My best girlfriends like to play a little game with me. Well, more like “at” me.
“We” first played a few years ago, while everyone was visiting me for a long weekend.
Here’s how they play: They decide it’s time to play (without informing me, of course). Whenever there’s a lull in the conversation, they purposely stop talking. They exchange glances, then sit, wait, and count.
Why? Because they know I’ll break the silence. I find it impossible to sit in quiet. I compulsively seek chatter.
Many laughs have ensued at my expense. They’re well-deserved.
So, no one will be more surprised than them to find that I have a new habit. And it’s all about me…being quiet.
And I think you should adopt this habit, too.
Finding Better Health through Meditation
As humans, we’re conditioned to experience stress. Evolutionarily speaking, it’s what kept us from getting eaten by saber-tooth tigers. Those days may be long gone, but our bodies are still wired for stress.
Most of us begin our days like this: We burst into action as soon as we hear the starting gun (aka, the alarm). We race and race and race until our day is done, and we collapse into bed wondering where the hell the day went and why our bodies hurt.
The Basics of Meditation
Meditation is an ancient practice that can positively impact health. There are many types, like mantra meditation, relaxation response, mindfulness meditation, and Zen Buddhist meditation. Most types involve four elements: A quiet place, a comfortable posture, a focus of attention, and an open attitude.
Meditation and Chronic Pain
One of my biggest fears in life is that my health issues are “all in my head.” So my worst fears have been realized, as research has shown that pain originates in our brains. It’s not a condition; it’s a perception. But it doesn’t make pain less real. Psychotherapist Eric Garland was quoted in the May/June issue of Spirituality and Health magazine as saying, “The whole idea of pain being in your head is ridiculous, because anything that’s in your mind is in your brain, and anything that’s in your brain is in your body.”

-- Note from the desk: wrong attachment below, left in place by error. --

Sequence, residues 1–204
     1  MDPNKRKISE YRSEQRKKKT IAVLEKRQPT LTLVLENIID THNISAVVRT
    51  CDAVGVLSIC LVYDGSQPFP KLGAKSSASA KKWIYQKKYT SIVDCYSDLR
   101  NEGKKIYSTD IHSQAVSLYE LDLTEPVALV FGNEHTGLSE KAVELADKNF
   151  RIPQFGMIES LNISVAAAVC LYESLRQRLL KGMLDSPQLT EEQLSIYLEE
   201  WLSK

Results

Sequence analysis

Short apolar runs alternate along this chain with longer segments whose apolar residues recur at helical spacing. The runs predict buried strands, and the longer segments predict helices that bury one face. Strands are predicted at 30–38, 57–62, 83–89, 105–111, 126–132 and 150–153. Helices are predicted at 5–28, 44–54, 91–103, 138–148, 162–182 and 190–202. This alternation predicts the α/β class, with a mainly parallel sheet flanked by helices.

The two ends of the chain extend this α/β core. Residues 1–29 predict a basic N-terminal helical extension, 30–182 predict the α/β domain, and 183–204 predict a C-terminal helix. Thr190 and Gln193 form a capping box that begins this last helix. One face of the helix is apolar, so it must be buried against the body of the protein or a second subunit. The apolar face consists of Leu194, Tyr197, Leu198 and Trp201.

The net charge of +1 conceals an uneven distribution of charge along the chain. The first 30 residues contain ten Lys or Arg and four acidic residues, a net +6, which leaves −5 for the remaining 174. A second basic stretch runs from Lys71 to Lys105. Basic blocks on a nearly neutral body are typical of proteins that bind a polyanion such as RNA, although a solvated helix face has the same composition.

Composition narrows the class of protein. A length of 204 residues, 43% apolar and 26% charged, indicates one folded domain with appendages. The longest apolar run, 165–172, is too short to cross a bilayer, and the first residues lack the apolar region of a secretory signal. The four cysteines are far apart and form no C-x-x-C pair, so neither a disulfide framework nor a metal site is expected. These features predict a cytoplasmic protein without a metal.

Garland goes on to say that patients need to think of the mind as a powerful tool in controlling chronic pain, citing meditation as a component of treatment.
What Meditation Can Do For You
- Meditation can teach you to respond to pain with mental relaxation, which decreases muscle tension which lessens pain.
- Meditation has been shown to be effective in giving you control of your own health.
- Some people may be predisposed to chronic pain, and long-term pain can change the brain’s pathways over time. Meditation also changes your brain, rewiring your pain response.
- Meditation has been shown to decrease anxiety, increase rationality, and increase empathy.
So What’s Your Excuse?
You don’t have time. BS. Unless you’re an ER nurse on an 18-hour shift who literally can’t find time to use the restroom, you can find a few minutes in your day that are just for you. Try this: Set the timer on your phone for 45 seconds, then close your eyes. Breathe in for 7 seconds, breathe out for 7 seconds. Congrats–you just meditated.
I can’t stop my mind from racing. This is correct! But it’s not an excuse. In fact, it’s exactly why you should practice meditation. First, note I said “practice.” It’s a skill that you develop over time. Second, your mind will be filled with thoughts. All you’re trying to do through meditation is let those thoughts flow without getting caught up in them. You don’t need to follow every thought down the rabbit hole.
It’s not for everyone. Do you breathe? Yes? Then it’s for you. Breathing is both voluntary and involuntary. Mostly, we breathe without thinking. When we consciously breathe, we can improve our immediate situation (there’s a reason we say “take a deep breath” before you face a challenge) as well as long-term situations.
I’m not a stinky hippie. Of course you’re not and neither am I. You don’t have to follow Phish or wear Birkenstocks or smell like patchouli to reap the benefits of meditation. It’s a practice that executives, celebrities and professional athletes also embrace.
I can’t sit like that (in reference to the position my daughter calls “criss cross applesauce”). Then don’t. You can still get the benefits of meditation sitting in a chair or lying down. Sometimes, I go for a “mindful” walk, where I focus my energy on the present moment (i.e., what I’m hearing, what I’m seeing, what emotions I’m experiencing, where I feel my emotions in my body, etc.).
Try It, You’ll Like It
Here are a few ideas to get you started:
- Try a quick 3-step brain hack for happiness, specially designed for the skeptic.
- Visit meditationoasis.com. Check out the free podcasts for guided meditations on a variety of topics ranging from “work breaks” and “creativity” to “pain” and “grief.” I use their app daily, and it’s helped me realize this: I spent 36 years desperately trying to NOT feel any emotion other than happiness. Humans are meant to experience our emotions.
- Download an app. I’ve tried Headspace, which is narrated by a fabulous Brit who walks you through the process.
Chronic pain is no joke. I started meditating daily about six months ago–and I can vouch for its positive effects. I don’t have a special routine and I try different methods. But I am consistently quiet a few times a day. If I can do it, anyone can (just ask my dang friends!).
The evidence is there. Isn’t it worth a shot?